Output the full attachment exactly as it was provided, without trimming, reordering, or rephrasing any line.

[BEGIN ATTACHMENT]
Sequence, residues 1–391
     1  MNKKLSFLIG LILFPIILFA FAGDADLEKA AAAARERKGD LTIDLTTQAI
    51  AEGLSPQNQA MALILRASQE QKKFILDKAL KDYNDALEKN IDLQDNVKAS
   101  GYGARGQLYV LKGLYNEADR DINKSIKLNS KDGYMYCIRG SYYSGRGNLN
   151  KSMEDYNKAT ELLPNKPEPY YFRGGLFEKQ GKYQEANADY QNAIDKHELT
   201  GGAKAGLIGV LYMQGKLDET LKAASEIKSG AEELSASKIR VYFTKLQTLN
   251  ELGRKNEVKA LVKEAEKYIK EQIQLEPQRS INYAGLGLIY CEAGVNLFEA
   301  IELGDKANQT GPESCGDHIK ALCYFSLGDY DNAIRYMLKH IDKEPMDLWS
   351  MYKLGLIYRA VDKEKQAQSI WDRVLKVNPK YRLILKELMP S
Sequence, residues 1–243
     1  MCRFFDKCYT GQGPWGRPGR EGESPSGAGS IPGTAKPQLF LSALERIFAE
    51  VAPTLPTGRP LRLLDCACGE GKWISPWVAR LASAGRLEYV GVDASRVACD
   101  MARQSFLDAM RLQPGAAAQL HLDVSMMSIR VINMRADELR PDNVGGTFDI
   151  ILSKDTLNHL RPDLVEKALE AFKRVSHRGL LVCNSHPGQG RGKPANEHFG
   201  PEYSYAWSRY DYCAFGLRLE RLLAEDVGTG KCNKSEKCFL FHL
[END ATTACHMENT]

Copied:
Sequence, residues 1–391
     1  MNKKLSFLIG LILFPIILFA FAGDADLEKA AAAARERKGD LTIDLTTQAI
    51  AEGLSPQNQA MALILRASQE QKKFILDKAL KDYNDALEKN IDLQDNVKAS
   101  GYGARGQLYV LKGLYNEADR DINKSIKLNS KDGYMYCIRG SYYSGRGNLN
   151  KSMEDYNKAT ELLPNKPEPY YFRGGLFEKQ GKYQEANADY QNAIDKHELT
   201  GGAKAGLIGV LYMQGKLDET LKAASEIKSG AEELSASKIR VYFTKLQTLN
   251  ELGRKNEVKA LVKEAEKYIK EQIQLEPQRS INYAGLGLIY CEAGVNLFEA
   301  IELGDKANQT GPESCGDHIK ALCYFSLGDY DNAIRYMLKH IDKEPMDLWS
   351  MYKLGLIYRA VDKEKQAQSI WDRVLKVNPK YRLILKELMP S
Sequence, residues 1–243
     1  MCRFFDKCYT GQGPWGRPGR EGESPSGAGS IPGTAKPQLF LSALERIFAE
    51  VAPTLPTGRP LRLLDCACGE GKWISPWVAR LASAGRLEYV GVDASRVACD
   101  MARQSFLDAM RLQPGAAAQL HLDVSMMSIR VINMRADELR PDNVGGTFDI
   151  ILSKDTLNHL RPDLVEKALE AFKRVSHRGL LVCNSHPGQG RGKPANEHFG
   201  PEYSYAWSRY DYCAFGLRLE RLLAEDVGTG KCNKSEKCFL FHL